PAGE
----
David Gillis David Gillis 35 posts

How Vimeo Did It: Online Community From a Designer’s Perspective

As a fan of Vimeo's, I was stoked to hear that Blake Whitman would be giving a talk at FOWD in NY. (You may recognize Blake from that time he had some questions about the homepage...) Blake's presentation showed that cultivating a vibrant community online is, in no small part, a tractable design problem.

I want my scrollwheel back!

Two steps forward, one step back. That's how I feel about the crappy media scrubbing interface built into the iPhone, iPod touch, and I guess pretty much all touch screen-based media devices.

meshU, April 6

I'm doing a presentation on Evidence-based IA and Design in a couple of weeks at this year's meshU event. I attended last year as a non-participant and got a lot out of it.

Gmail’s new panic button

Ok, so it's generally our policy not to blog about something that's already gotten exposure on sites like Digg (let alone made it to the top ten), but for this one I'll make a quick exception. Google just added an undo send button to its labs suite (or as TechCrunch calls it, a panic button).

Designing for Effective Resolution

As the kinds of digital interactive user experiences we're designing at T+L begin to move beyond the computer screen, fundamental things like display resolution become a little more complicated and a lot more interesting. Effective resolution is a perceptual term—I'll define it here* as the perceived pixel density of a display image at a given viewing distance.

Designing for Effective Resolution

As the kinds of digital interactive user experiences we're designing at T+L begin to move beyond the computer screen, fundamental things like display resolution become a little more complicated and a lot more interesting. Effective resolution is a perceptual term—I'll define it here* as the perceived pixel density of a display image at a given viewing distance.

CanUX Day 2, Part 2: Dave Gray from XPLANE

15 years ago, Dave Gray founded XPLANE, a visual communications company that has been pumping out beautiful graphical explanations for all sorts of clients, products and services ever since. His presentation at CanUX kept up the theme of drawing and sketching, but flipped the emphasis: while the other presentations were about communicating design ideas visually, this one was about designing visual ideas for communication.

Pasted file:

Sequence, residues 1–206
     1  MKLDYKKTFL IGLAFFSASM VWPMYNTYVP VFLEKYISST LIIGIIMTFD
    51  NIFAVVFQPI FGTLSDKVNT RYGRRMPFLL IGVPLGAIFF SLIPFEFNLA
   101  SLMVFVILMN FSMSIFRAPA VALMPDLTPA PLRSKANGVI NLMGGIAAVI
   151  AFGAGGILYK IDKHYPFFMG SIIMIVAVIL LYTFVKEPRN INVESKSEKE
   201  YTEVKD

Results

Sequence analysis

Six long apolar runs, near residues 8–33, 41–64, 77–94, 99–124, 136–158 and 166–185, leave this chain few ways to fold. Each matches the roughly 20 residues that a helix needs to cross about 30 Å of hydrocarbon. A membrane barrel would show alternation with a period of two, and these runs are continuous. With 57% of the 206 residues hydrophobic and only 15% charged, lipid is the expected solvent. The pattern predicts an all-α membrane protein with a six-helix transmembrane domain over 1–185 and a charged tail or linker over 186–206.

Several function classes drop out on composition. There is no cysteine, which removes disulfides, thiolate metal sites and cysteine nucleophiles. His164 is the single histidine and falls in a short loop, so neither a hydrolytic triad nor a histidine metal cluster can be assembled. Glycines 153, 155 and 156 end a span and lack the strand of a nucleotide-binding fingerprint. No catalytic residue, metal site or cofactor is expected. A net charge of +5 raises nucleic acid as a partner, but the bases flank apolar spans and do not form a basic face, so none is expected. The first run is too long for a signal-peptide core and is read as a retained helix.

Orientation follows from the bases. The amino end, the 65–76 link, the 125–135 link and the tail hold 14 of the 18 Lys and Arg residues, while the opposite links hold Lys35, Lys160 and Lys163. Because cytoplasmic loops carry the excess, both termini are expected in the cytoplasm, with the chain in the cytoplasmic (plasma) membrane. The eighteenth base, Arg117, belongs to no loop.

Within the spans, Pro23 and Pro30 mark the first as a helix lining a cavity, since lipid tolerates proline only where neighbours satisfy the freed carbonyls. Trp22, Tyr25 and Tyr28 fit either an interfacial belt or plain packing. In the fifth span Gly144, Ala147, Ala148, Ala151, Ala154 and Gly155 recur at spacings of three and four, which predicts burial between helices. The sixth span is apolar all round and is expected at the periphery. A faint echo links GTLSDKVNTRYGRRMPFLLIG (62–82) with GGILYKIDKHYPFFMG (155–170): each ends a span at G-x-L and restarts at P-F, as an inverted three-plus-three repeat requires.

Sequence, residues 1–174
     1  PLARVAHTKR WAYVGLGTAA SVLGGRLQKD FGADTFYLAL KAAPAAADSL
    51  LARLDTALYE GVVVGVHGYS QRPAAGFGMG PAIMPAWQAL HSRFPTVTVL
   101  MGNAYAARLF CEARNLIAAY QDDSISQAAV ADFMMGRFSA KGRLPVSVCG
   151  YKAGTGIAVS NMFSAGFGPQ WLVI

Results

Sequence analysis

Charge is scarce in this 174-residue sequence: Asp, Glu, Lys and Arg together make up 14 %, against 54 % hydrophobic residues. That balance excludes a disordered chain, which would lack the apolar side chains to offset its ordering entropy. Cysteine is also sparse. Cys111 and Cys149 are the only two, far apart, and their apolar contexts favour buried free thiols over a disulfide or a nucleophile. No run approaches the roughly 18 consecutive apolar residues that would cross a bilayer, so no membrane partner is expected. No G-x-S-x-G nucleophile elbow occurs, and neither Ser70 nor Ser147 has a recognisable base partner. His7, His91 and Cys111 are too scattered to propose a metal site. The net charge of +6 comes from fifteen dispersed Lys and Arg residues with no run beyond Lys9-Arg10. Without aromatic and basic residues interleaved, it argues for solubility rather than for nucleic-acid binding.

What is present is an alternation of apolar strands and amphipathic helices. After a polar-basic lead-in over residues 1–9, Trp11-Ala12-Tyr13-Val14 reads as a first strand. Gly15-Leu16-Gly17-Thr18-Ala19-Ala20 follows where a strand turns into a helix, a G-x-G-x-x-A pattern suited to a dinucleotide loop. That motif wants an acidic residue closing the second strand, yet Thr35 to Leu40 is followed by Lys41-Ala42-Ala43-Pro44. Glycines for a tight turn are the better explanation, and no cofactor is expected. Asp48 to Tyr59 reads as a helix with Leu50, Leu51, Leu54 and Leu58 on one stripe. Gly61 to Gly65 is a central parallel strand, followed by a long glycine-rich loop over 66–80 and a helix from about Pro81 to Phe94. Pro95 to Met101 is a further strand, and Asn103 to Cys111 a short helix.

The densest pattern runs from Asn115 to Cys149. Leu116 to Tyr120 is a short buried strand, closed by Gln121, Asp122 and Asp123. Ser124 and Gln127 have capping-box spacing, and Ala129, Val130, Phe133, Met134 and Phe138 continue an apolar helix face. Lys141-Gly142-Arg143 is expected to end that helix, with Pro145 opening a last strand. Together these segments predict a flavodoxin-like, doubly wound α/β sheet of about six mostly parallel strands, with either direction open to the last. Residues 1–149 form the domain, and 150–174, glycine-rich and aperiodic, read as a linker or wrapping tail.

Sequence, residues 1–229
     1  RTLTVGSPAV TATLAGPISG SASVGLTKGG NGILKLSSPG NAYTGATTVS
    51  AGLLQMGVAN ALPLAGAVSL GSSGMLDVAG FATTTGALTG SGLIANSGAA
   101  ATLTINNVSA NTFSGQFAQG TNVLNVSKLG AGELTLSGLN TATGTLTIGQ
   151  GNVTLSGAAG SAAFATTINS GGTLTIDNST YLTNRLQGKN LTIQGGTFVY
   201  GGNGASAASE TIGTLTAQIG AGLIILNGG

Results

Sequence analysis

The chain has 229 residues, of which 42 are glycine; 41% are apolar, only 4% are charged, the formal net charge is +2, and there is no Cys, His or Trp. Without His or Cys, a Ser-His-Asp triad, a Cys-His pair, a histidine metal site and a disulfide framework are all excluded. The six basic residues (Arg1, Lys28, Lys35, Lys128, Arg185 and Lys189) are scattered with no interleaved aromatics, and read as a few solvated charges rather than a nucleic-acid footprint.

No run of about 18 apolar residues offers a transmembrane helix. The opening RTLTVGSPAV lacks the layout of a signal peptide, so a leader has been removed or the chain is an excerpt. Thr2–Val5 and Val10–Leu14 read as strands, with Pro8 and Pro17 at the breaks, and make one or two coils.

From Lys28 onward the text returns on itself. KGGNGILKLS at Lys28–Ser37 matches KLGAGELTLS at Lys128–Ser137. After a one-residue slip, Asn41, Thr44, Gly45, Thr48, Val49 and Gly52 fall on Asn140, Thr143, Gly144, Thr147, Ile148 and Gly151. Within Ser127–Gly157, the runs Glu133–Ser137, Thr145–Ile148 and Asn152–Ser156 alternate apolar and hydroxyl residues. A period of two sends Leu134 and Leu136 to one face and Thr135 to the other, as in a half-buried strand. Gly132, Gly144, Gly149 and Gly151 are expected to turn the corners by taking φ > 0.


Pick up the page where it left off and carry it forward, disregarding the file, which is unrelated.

CanUX Day 2, Part 1: Sketchboards

Last year, when Brandon essayed about Sketchboards on the Adaptive Path blog, Derek and I became instant fans.  Since then we've played around with variations of the method at T+L—sort of hedging it with our existing process—so I was really looking forward to this session. First we talked about the sketch part in 2 stages: Exploratory sketches: quickly saturate the design space by generating a number of rough options.

CanUX Day 1, Part 3: Five Sketches (Or Else)

I'm going to forego summarizing this one, since for me the topic of sketching was developed more fully in the next couple of sessions. (I'm probably biased though, because those sessions applied more directly to our specific practice at T+L.) Not that I didn't enjoy the presentation.

CanUX Day 1, Part 2: Swimlanes

Swimlanes is an early-process documentation method created by Yvone Shek and the folks at nForm.  As the image above demonstrates (here's a closer look), multiple perspectives on a given use-case or design scenario are laid out in separate tracks, or "swim-lanes." The idea is to capture and visualize implications of high-level requirements over time and in a parallel fashion.  This is good because multiple stakeholders (business people, designers, project mangers, technologists) can see and give feedback on what they need to make happen/accomodate to, leading to a potentially more balanced and inclusive discussion. To my mind, the key challenge here is making such a sophistic and integrated document like this flexible and agile.

CanUX day 1, part 1: Web Forms

Here's a quick update for day 1 of CanUX 2008, Banff Alberta. Luke Wroblewski kicked things off with what turned out to be a lively discussion of web form design—no small feat considering it was 9 in the morning!

Microsoft Talk @ ToRCHI

Had the opportunity to attend this month's Torchi event, featuring two guests from Microsoft. Lisa Anderson, MS Surface User Experience Director, talked about the fundamental shift from command line interfaces to GUIs, to what she called Natural User Interfaces (NUIs, I guess).